I have been published in many top-tier peer-reviewed journals (including The Annals of Statistics, Biometrics, and American Journal of Political Science) and have reviewed hundreds of manuscripts submitted for publication to many of the major medical, statistical, and epidemiological journals (including The New England Journal of Medicine, Journal of the American Statistical Association, and American Journal of Public Health).
I am currently a scholar in residence in the Department of Psychiatry at Johns Hopkins School of Medicine and a professor of statistics and biostatistics at Arizona State University. Up until July 1, 2016, I also held part-time faculty appointments at the Johns Hopkins Bloomberg School of Public Health and School of Medicine, and at the Mayo Clinic.
An undertaking as ambitious as this report would not be possible without the counsel and advice of many gifted scholars and editors. I am grateful for the generous help of Laura E. Harrington, M.D., M.S., a psychiatrist with extensive training in internal medicine and neuroimmunology, whose clinical practice focuses on women in life transition, including affirmative treatment and therapy for the LGBT community. She contributed to the entire report, particularly lending her expertise to the sections on endocrinology and brain research. I am indebted also to Bentley J. Hanish, B.S., a young geneticist who expects to graduate medical school in 2021 with an M.D./Ph.D. in psychiatric epidemiology. He contributed to the entire report, particularly to those sections that concern genetics.
I gratefully acknowledge the support of Johns Hopkins University Bloomberg School of Public Health and School of Medicine, Arizona State University, and the Mayo Clinic.
In the course of writing this report, I consulted a number of individuals who asked that I not thank them by name. Some feared an angry response from the more militant elements of the LGBT community; others feared an angry response from the more strident elements of religiously conservative communities. Most bothersome, however, is that some feared reprisals from their own universities for engaging such controversial topics, regardless of the report’s content — a sad statement about academic freedom.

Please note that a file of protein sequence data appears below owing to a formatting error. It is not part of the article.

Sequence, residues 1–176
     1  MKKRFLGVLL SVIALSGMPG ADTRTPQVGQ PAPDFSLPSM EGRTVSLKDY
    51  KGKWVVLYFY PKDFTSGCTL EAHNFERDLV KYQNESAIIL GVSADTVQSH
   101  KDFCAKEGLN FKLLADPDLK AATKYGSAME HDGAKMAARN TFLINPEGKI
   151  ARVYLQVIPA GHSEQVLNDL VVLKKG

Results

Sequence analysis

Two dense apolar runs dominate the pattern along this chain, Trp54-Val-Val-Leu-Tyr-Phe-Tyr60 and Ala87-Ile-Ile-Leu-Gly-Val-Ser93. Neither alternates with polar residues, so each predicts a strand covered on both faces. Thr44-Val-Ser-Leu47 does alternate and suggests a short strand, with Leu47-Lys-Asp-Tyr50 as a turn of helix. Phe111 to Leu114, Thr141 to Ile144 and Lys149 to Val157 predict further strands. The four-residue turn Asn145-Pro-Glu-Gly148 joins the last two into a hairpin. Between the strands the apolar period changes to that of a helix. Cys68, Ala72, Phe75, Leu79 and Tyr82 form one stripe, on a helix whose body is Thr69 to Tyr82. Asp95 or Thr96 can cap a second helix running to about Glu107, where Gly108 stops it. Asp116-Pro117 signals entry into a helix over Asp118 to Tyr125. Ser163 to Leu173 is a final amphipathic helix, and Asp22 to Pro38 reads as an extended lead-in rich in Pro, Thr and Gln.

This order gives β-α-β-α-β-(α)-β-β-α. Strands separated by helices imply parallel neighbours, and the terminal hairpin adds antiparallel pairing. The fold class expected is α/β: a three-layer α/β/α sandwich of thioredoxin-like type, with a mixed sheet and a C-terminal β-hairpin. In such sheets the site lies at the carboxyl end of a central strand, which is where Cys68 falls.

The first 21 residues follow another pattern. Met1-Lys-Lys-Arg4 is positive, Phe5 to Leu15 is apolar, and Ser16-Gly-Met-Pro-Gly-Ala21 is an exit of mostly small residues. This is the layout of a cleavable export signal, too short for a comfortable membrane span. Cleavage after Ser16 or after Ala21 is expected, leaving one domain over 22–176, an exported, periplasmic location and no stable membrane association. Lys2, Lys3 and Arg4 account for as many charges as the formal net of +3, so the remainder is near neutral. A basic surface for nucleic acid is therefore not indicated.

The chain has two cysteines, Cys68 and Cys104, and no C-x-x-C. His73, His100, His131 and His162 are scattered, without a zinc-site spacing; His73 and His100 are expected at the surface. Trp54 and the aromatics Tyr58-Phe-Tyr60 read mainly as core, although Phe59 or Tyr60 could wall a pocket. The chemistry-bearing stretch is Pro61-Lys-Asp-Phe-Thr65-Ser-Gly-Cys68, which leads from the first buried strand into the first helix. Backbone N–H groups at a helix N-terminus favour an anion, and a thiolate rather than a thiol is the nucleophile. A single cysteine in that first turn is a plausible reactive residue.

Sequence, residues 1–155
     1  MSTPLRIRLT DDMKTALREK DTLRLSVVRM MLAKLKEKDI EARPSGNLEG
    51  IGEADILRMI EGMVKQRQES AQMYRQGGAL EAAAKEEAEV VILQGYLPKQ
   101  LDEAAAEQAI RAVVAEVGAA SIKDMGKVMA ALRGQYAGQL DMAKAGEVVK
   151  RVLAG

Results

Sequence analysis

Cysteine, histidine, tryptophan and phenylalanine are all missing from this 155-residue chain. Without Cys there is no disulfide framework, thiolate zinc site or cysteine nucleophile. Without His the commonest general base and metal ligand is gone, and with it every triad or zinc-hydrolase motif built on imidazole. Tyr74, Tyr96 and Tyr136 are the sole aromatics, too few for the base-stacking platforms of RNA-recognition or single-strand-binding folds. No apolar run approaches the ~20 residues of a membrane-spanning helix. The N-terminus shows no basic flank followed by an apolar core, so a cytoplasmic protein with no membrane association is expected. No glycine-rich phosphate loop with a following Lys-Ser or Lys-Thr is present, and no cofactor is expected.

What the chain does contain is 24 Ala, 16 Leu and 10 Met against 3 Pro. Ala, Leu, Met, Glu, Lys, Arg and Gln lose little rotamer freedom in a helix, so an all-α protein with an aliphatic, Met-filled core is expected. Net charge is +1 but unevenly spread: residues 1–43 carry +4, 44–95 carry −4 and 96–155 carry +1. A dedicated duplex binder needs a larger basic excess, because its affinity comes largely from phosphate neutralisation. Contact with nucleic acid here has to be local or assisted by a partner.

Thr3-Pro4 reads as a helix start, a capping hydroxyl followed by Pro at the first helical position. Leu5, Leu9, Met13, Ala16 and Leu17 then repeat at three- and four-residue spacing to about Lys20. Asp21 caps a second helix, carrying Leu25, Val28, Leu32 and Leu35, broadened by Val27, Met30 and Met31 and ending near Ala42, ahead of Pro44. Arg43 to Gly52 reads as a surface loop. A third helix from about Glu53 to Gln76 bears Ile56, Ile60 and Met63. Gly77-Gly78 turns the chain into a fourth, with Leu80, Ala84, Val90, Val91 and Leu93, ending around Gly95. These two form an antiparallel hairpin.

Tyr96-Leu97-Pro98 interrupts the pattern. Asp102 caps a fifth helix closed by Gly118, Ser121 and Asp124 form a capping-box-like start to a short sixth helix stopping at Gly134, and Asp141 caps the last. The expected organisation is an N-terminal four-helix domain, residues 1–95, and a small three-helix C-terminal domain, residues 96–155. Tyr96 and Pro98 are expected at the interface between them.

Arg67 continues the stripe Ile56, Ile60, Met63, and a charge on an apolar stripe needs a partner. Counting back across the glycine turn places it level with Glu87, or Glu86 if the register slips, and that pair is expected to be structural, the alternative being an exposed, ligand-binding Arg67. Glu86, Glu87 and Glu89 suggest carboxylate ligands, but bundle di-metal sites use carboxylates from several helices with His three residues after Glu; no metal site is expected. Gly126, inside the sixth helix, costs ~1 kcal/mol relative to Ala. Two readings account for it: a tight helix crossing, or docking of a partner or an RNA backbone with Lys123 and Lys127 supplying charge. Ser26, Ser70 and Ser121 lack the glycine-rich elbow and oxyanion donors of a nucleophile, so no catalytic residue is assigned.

I dedicate my work on this report, first, to the LGBT community, which bears a disproportionate rate of mental health problems compared to the population as a whole. We must find ways to relieve their suffering.
I dedicate it also to scholars doing impartial research on topics of public controversy. May they never lose their way in political hurricanes.
And above all, I dedicate it to children struggling with their sexuality and gender. Children are a special case when addressing gender issues. In the course of their development, many children explore the idea of being of the opposite sex. Some children may have improved psychological well-being if they are encouraged and supported in their cross-gender identification, particularly if the identification is strong and persistent over time. But nearly all children ultimately identify with their biological sex. The notion that a two-year-old, having expressed thoughts or behaviors identified with the opposite sex, can be labeled for life as transgender has absolutely no support in science. Indeed, it is iniquitous to believe that all children who have gender-atypical thoughts or behavior at some point in their development, particularly before puberty, should be encouraged to become transgender.
As citizens, scholars, and clinicians concerned with the problems facing LGBT people, we should not be dogmatically committed to any particular views about the nature of sexuality or gender identity; rather, we should be guided first and foremost by the needs of struggling patients, and we should seek with open minds for ways to help them lead meaningful, dignified lives.